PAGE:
This will create a much needed new route across the Thames in east London and benefit communities on both sides of the river.
It will link into nearby cycle routes and help encourage more people to walk and cycle in line with the Mayor's Healthy Streets approach for London.
The proposal forms part of the Mayor's wider package of river crossings and new walking and cycling infrastructure in east London as set out in his Manifesto and the Mayor's Transport Strategy.
A new river crossing would give thousands of people a direct, above ground link between Canada Water and Canary Wharf, and support jobs and new homes in the area.
We have worked with the engineering consultants Arcadis and Knight Architects to review the need for a new crossing and explore different options to make sure the crossing chosen is value for money. We considered design and engineering issues and modelled demand for different crossings at this location, as well as speaking to local residents and stakeholders.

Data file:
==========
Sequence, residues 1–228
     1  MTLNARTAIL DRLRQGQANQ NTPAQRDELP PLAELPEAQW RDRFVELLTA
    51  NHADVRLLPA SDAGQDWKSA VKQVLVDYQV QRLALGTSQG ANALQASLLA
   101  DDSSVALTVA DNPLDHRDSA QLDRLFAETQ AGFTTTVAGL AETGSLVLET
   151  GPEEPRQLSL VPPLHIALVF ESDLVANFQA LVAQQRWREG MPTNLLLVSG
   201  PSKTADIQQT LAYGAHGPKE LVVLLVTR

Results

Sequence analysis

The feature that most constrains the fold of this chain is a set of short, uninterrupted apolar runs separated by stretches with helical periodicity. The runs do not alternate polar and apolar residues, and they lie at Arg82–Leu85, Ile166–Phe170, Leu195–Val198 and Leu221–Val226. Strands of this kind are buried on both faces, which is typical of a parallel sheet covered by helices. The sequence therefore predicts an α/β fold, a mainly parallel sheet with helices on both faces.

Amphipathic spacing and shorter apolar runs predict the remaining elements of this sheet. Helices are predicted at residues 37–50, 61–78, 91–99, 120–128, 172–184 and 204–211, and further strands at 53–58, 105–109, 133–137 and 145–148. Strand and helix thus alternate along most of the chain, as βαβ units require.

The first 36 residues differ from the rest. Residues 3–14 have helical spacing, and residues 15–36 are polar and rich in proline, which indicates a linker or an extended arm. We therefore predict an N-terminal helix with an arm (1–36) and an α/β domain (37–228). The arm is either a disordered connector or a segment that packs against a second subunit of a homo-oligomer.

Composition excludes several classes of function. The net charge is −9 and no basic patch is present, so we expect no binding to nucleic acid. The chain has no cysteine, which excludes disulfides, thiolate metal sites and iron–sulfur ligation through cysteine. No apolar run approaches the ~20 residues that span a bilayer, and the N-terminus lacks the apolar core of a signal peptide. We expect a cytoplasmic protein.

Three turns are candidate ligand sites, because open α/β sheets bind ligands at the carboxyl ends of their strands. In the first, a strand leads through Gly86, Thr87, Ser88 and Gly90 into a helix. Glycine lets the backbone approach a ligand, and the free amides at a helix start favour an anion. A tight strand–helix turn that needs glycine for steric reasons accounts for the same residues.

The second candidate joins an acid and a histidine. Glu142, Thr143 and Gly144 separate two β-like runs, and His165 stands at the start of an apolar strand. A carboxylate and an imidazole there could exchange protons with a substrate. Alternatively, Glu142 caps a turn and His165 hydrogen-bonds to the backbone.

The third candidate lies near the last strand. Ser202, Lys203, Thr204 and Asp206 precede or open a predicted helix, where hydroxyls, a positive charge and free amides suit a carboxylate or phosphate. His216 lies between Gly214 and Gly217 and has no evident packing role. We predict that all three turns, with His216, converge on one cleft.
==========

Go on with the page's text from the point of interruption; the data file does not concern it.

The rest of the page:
This work led to a shortlist of three options:
These options were assessed on their ability to meet the scheme's objectives, likely costs, potential benefits and possible impact.
So far, a navigable bridge is our preferred option and we're investigating it in greater detail. Londoners gave their views on this decision, and other options such as a specific location, during our public consultation in late 2017/early 2018. The consultation report and our response to the issues raised are on the Rotherhithe-Canary Wharf crossing consultation page.
While our preference is for a navigable bridge, no final decisions have been made and Londoners are welcome to recommend alternative designs or options as part of the consultation process.
We've been speaking with organisations such as the Port of London Authority, landowners and the borough councils on either side of the river to understand the benefits and effect of different options. Within the northern/central areas these include landing points, bridge heights, opening mechanisms and operating arrangements. Understanding these will help with the design for a navigable bridge.
We are still working through these issues to make sure our proposals best reflect the needs of users of the new crossing and the river, as well as the local communities. We're now planning a public consultation in 2019.